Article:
The Associated Press reports that the Joe Biden administration has moved to ease oil sanctions on Venezuela.
The move is part of U.S. support for the long-stalled joint talks resuming between the dictatorial Maduro regime and opposition leaders, as both sides seek to help right a nation in chaos.
The Biden administration is easing some oil sanctions on Venezuela in an effort to support newly restarted negotiations between the Venezuelan government and its opposition. It will allow Chevron to resume “limited” energy production in the country. https://t.co/uPcmrp0lcw
— The Associated Press (@AP) November 26, 2022
WASHINGTON (AP) — The Biden administration on Saturday eased some oil sanctions on Venezuela in an effort to support newly restarted negotiations between President Nicolás Maduro’s government and its opposition.
The Treasury Department is allowing Chevron to resume “limited” energy production in Venezuela after years of sanctions that have dramatically curtailed oil and gas profits that have flowed to Maduro’s government. Earlier this year the Treasury Department again allowed the California-based Chevron and other U.S. companies to perform basic upkeep of wells it operates jointly with state-run oil giant PDVSA.
Under the new policy, profits from the sale of energy would be directed to paying down debt owed to Chevron, rather than providing profits to PDVSA.
Talks between the Maduro government and the “Unitary Platform” resumed in Mexico City on Saturday after more than a yearlong pause. It remained to be seen whether they would take a different course from previous rounds of negotiations that have not brought relief to the political stalemate in the country.
The Washington Times has more details on the negotiations:
The authorization comes after the Venezuelan government and its political opposition announced Saturday plans to implement a $3 billion humanitarian program using funds unfrozen by the U.S.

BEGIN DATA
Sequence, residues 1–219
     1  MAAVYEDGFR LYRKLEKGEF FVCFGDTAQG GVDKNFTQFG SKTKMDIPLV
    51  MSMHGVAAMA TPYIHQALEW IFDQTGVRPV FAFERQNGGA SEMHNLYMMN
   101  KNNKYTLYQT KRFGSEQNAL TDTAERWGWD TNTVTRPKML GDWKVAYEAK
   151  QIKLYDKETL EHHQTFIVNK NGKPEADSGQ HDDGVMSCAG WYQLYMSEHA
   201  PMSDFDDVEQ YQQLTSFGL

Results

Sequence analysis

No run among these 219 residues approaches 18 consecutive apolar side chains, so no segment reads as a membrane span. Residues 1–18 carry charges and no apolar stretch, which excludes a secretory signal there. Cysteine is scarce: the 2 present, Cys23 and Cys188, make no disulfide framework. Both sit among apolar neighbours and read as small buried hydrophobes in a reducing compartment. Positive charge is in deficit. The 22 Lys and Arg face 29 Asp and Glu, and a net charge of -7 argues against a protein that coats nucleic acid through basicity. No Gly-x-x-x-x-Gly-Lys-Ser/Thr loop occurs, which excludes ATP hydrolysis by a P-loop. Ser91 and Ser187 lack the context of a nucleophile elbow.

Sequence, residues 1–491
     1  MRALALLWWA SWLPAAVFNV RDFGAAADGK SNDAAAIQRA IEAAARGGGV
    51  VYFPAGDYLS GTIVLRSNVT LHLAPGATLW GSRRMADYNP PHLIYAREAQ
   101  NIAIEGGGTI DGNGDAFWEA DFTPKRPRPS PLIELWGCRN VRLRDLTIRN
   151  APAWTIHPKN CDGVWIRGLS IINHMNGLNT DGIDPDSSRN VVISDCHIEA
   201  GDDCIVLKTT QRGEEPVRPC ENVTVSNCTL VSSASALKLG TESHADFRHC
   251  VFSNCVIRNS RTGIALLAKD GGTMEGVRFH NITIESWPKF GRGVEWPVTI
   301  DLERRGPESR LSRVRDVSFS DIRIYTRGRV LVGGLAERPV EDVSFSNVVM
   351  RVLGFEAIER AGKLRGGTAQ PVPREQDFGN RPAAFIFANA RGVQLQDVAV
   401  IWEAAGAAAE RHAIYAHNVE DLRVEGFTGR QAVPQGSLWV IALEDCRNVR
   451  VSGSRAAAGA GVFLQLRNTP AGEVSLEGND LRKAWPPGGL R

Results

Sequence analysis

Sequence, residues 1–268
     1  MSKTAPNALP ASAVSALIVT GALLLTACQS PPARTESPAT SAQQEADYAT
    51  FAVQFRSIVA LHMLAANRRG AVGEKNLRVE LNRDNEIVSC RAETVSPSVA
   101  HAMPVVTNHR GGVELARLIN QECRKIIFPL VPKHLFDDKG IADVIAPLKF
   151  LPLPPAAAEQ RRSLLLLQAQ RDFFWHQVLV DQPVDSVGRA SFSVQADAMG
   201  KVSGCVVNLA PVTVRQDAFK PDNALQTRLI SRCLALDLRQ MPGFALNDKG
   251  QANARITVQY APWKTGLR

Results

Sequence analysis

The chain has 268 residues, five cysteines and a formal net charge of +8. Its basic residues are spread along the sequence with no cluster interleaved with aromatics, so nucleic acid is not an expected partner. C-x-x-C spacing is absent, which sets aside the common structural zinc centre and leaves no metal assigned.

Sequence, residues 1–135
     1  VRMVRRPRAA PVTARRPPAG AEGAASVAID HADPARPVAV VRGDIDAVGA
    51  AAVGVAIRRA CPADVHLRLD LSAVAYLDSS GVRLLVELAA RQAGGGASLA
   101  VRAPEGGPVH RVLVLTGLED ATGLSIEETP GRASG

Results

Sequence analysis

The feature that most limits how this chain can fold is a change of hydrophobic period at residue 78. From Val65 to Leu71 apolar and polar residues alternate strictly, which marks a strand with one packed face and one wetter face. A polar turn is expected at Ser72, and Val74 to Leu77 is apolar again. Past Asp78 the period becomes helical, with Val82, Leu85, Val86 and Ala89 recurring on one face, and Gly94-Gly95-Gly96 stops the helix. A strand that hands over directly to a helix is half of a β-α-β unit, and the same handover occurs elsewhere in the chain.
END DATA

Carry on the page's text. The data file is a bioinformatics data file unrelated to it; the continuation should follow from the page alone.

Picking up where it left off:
As part of that agreement, both sides will resume talks next month in Mexico City to develop a framework to usher in political changes, including potentially holding presidential elections by 2024.
At first glance, this new policy looks like it would help ease the pinch at the pump and reduce potential, soaring winter heating oil prices for consumers, but both a Biden administration official and an Chevron’s CEO say it’s unlikely.
The Washington Times:
The senior administration official disputed that the move was aimed at lowering soaring energy costs as the U.S. heads into the winter. Instead, the official said, the U.S. was providing sanctions relief because the Venezuelan government was taking “concrete steps that alleviate the suffering of the Venezuelan people and support the restoration of democracy.”
Chevron expanded license “is not something that is going to impact international oil prices,” the official said. “It is about Venezuela and a policy about supporting a peaceful, negotiated outcome to a political, humanitarian, and economic outcome in Venezuela today.”
But Chevron Chief Executive Mike Wirth cautioned that his company would need months or, possibly years, to refurbish Venezuela’s dilapidated oil fields to resume production.
“It wouldn’t be an instantaneous effect,” he told Bloomberg television about the possibility of resuming oil production in Venezuela.
Even if this isn’t expected to change prices soon, it’s something we’ll keep an eye on.
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